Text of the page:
You think you know Cate Blanchett from her sensational film résumé and two Oscars. But you haven’t seen her on stage. A limited group got to see her a couple of years ago with Joel Edgerton in “A Streetcar Named Desire” out in Brooklyn at BAM. But now here she is, at the Ethel Barrymore Theater on West 47th St. and you know she’s got “The Present” in hand.
Blanchett’s director-writer husband Andrew Upton has adapted Anton Chekhov’s unfinished play sometimes called “Wild Honey” or “Platonov” for his wife’s Broadway debut. They’ve brought over members of their Sydney theater group for the limited run (through March 19th). Michael Frayn directed Ian McKellen in a hit version in 1986 in New York.
Upton’s version is pretty great and very different than the Frayn one; Chekhov is probably amused by it in heaven. Upton has retained a lot of the Chekhov but updated it. You do hear the ‘f’ word a lot, references to climate change, and a lot of The Clash used as bumper music. This is not your grandad’s Chekhov. He’s also condensed four acts into two, with a running time (including intermission) of three hours.
Believe or not, the time passes quickly. Upton has found lots of humor and spread it wisely. The audience I saw it with last night was enthralled. There are a lot of laughs. while still retaining the drama of the main character– a rogue schoolmaster named Platonov (Richard Roxburgh) who cannot keep seducing the ladies at his old friend Anna Petrovna’s (Blanchett) Russian estate. Her friends have arrived for her 40th birthday, and you know, a lot will be revealed about her older husband, her three stepsons, and miscellaneous guests.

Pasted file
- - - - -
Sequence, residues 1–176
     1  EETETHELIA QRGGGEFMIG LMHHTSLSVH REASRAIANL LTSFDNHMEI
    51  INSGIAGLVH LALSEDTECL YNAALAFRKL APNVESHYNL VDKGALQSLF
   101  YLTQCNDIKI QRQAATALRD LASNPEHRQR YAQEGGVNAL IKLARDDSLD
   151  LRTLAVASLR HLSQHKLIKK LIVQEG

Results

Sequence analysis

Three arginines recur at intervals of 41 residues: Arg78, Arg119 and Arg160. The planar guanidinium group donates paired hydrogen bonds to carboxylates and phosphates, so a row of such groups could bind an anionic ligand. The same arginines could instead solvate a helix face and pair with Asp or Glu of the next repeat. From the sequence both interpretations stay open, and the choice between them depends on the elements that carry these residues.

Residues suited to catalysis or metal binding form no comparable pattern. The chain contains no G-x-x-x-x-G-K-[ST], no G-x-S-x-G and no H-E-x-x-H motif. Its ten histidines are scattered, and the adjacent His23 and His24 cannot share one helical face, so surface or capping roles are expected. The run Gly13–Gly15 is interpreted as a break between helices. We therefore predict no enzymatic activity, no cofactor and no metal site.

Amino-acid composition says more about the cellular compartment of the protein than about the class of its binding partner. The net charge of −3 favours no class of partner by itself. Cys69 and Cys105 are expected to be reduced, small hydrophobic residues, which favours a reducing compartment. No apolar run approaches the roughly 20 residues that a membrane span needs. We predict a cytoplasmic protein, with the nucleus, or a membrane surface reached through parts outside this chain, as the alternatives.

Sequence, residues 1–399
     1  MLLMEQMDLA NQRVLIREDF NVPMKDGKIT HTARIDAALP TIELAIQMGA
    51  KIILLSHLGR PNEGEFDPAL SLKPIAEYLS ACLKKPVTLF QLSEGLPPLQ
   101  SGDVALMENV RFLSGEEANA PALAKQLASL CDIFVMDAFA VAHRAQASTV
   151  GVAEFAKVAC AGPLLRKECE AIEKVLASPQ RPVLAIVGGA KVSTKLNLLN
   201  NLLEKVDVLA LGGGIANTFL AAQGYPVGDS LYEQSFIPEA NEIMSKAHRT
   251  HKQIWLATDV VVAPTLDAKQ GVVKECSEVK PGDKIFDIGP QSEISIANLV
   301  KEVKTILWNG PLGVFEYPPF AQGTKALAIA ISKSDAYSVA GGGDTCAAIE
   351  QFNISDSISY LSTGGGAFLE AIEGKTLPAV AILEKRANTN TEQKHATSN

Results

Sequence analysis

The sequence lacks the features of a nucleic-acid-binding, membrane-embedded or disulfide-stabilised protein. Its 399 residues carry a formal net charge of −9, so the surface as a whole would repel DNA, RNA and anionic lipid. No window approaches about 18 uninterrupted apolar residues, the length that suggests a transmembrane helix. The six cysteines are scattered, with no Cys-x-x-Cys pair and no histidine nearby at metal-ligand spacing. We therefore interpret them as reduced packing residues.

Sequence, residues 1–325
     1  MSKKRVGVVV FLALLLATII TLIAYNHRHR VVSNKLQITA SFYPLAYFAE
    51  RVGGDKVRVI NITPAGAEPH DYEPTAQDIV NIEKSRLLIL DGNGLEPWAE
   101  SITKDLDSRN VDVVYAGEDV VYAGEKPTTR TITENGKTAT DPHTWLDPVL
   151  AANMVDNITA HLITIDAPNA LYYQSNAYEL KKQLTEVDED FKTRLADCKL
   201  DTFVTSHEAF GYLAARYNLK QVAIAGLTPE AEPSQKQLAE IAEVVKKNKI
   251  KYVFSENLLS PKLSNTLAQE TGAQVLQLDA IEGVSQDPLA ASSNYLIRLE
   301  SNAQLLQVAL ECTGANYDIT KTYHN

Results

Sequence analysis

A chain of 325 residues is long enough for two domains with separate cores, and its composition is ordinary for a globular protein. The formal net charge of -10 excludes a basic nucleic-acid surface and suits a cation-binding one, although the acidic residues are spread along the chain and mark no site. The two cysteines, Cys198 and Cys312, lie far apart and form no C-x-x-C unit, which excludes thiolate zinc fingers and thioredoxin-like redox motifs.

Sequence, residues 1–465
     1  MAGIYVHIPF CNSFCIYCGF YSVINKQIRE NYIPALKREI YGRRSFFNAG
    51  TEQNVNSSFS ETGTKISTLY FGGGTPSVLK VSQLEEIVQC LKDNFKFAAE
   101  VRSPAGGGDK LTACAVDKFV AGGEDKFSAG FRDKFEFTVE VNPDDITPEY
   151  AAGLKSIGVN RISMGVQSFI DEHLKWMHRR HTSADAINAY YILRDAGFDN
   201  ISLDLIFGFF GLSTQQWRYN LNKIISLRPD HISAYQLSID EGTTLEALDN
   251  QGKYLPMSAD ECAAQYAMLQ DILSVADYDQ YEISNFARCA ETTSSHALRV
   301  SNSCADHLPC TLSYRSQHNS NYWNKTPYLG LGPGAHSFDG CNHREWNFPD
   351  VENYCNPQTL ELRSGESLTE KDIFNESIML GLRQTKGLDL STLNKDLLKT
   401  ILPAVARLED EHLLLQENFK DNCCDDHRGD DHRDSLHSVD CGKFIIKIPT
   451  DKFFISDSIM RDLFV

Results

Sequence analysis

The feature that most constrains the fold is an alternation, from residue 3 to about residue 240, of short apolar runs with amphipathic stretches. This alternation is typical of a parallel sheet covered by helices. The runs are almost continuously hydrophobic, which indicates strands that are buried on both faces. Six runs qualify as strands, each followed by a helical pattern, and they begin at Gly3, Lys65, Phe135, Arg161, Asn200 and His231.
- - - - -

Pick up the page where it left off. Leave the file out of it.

Give Blanchett a lot of credit because Platonov is the main character no matter how much is updated for Anna. Roxborough doesn’t steal the show, he just occupies the center of it, and he’s a revelation. Even Blanchett knows it. When I saw her after the show, the first thing she said to me was, “How did you like Richard?”
Let’s say Roxburgh leads the magnificent supporting cast. But “The Present” cast is an ensemble, only that Blanchett cannot keep from being the centerpiece. Watching her is seeing a legend at work in her heyday. She is so comfortable on stage you know she could keep going after the third hour. She’s loving Anna, and all the plot twists and turns. The machinations at the estate never get dull.
Indeed, there are fireworks, explosions, gun shots, smoke. Again, no one is knitting on the front porch. And a party sequence toward the end of Act 1 is enough reason to see this production again and again. Anna’s 40th birthday party literally explodes on stage, and the denouement after this catalyst is equal to its highest points. Irish director John Crowley brings Upton’s ideas to life, and it’s interesting– the Irish really get Chekhov. Three years ago I saw an Irish adaptation (directed by Max Stafford Clark, starring Trudie Styler) that got raves. Who knew?
But do see Cate Blanchett now if you can. This is like seeing Janet McTeer–she’s the real real thing, we’ll be talking about Anna Petrovna long after the show closes. And the Tony Awards– this is for them.